On the last day of 2021, President Muhammadu Buhari signed the 2022 Appropriation Bill and the 2021 Finance Act into law. In the Finance Bill, the government proposed various tax law changes that are effective from the 2nd of January 2022.
Some policies included in the Act are an increase in the education tax from 2% to 2.5% of the profits of Nigerian companies, empowering all tiers of government to borrow for “critical reforms of significant national impact,” and imposing an excise duty of N10 per litre on non-alcoholic, carbonated and sweetened beverages, among others. This, in another term, is called a sugar tax, which simply means the charges designed by the government to reduce the consumption of drinks with added sugar.
When presenting the 2022 budget, the Minister of Finance, Budget, and National Planning Zainab Ahmed revealed that the government raised the tax on sugary drinks to fund health-related expenditures in the 2022 budget. She added that the policy would discourage excessive sugar consumption in drinks, which contributes to several health conditions like diabetes and obesity.
When you think about it, this sounds good. But in reality, its consequences are grave when we look at it from the angle of sound economics. What do I mean? Naturally, every rational individual knows what’s best for him or her. This understanding is why people choose to eat and live in a way that pleases them without causing harm to others. Even though the pro-health considerations are admirable, let us not be fooled. When the government imposes a levy on drinks, it is not so much about helping people make healthy choices, but more about increasing revenues to make up for its deficit spending. This is the primary aim of the new sugar tax.
What are the implications of the sugar tax on Nigerians?
Dr. Muda Yusuf of the Centre for the Promotion of Private Enterprises, (CPPE) says it is insensitive and inappropriate given the prevailing harsh economic and business conditions. Coming when the country’s business environment is experiencing volatile inflation and slowly recovering from the heat of a pandemic, this will take us backward as a nation because it will have a negative impact.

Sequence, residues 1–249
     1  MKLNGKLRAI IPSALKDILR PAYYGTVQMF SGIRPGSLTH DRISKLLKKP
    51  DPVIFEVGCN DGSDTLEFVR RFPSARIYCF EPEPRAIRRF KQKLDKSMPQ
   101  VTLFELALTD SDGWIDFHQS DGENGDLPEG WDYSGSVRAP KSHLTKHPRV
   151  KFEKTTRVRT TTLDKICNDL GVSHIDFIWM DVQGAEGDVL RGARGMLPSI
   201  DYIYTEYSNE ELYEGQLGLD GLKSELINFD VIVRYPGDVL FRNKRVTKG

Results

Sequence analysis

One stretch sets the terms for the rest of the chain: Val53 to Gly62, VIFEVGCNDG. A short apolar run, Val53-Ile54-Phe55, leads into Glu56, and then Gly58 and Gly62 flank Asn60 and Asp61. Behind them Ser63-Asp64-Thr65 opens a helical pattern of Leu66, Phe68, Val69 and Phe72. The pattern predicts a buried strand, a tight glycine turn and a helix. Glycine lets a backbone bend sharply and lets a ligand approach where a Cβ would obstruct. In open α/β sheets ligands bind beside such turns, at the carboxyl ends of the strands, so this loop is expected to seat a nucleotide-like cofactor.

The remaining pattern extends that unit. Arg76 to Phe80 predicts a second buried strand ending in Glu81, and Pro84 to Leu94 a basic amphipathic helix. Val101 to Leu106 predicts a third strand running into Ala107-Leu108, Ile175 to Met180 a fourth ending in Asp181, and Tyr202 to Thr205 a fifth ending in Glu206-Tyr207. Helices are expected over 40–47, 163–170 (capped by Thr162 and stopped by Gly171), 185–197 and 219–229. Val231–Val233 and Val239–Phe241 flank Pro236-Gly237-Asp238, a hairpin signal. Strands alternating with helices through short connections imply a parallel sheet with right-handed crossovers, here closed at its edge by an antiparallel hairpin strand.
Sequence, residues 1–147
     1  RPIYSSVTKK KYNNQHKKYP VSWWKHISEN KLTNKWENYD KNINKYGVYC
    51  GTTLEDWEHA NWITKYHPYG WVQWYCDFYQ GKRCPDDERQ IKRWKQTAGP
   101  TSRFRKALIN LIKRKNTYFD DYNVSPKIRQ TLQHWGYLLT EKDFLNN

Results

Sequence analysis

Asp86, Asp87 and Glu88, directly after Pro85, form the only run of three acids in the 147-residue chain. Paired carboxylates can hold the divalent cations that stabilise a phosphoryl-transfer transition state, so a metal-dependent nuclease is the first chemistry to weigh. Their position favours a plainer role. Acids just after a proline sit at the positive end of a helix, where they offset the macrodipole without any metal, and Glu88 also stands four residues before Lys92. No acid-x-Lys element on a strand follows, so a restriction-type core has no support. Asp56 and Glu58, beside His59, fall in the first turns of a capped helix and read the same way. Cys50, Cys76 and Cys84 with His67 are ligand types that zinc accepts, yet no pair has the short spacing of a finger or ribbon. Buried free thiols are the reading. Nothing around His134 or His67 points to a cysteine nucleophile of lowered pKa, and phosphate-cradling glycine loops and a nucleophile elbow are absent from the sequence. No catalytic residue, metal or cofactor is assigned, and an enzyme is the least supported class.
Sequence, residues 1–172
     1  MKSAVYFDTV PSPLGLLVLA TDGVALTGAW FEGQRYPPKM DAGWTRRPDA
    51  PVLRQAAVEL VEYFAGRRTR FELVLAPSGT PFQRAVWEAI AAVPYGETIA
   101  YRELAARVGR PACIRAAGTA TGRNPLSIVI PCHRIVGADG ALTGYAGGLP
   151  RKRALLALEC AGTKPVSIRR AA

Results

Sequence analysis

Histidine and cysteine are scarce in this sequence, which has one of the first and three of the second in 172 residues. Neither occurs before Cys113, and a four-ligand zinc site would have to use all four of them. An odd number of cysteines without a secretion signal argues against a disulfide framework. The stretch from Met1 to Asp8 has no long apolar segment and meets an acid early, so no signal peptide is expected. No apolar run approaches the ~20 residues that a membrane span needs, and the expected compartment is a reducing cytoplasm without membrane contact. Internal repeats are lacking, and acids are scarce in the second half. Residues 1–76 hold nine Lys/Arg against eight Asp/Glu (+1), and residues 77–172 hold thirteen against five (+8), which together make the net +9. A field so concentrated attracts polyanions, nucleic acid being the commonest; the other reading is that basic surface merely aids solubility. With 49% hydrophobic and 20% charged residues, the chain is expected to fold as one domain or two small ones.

First, there will be a loss of jobs for workers in the food and beverage sector. The Nigerian Labour Congress President, Ayuba Wabba asserted that “at least, it will cost no less than 15,000 direct and indirect jobs.” This will add to the already high unemployment rate, which currently stands at above 33%.
Besides the imminent job loss that will result from this tax policy, the food and beverage sector will suffer output contraction, which according to the Director-General of Manufacturer’s Association of Nigeria (MAN) Segun Ajayi-Kadir, will cause a revenue drop of up to 40% in the next five years. This would translate to a loss of N1.9 trillion for the sector.
As the highest contributor to the country’s Gross Domestic Product (GDP), putting such an enormous tax burden on this industry can be likened to killing the goose that lays the golden eggs.
It is wrong for the government to introduce policies that suffocate the private sector because it wants to make up for its budget deficit. It is even worse when these policies directly impact the citizens who, in this case, are the consumers of these sugary drinks. This policy will cause the drinks to be more expensive because the argument that it will discourage its consumption is unfounded, and it will badly affect businesses in that sector.
This is not what we need now. The government should leave people to make their choices and create an enabling business environment for businesses to thrive. This will translate to more money in Value Added Tax, and Company Income Tax.
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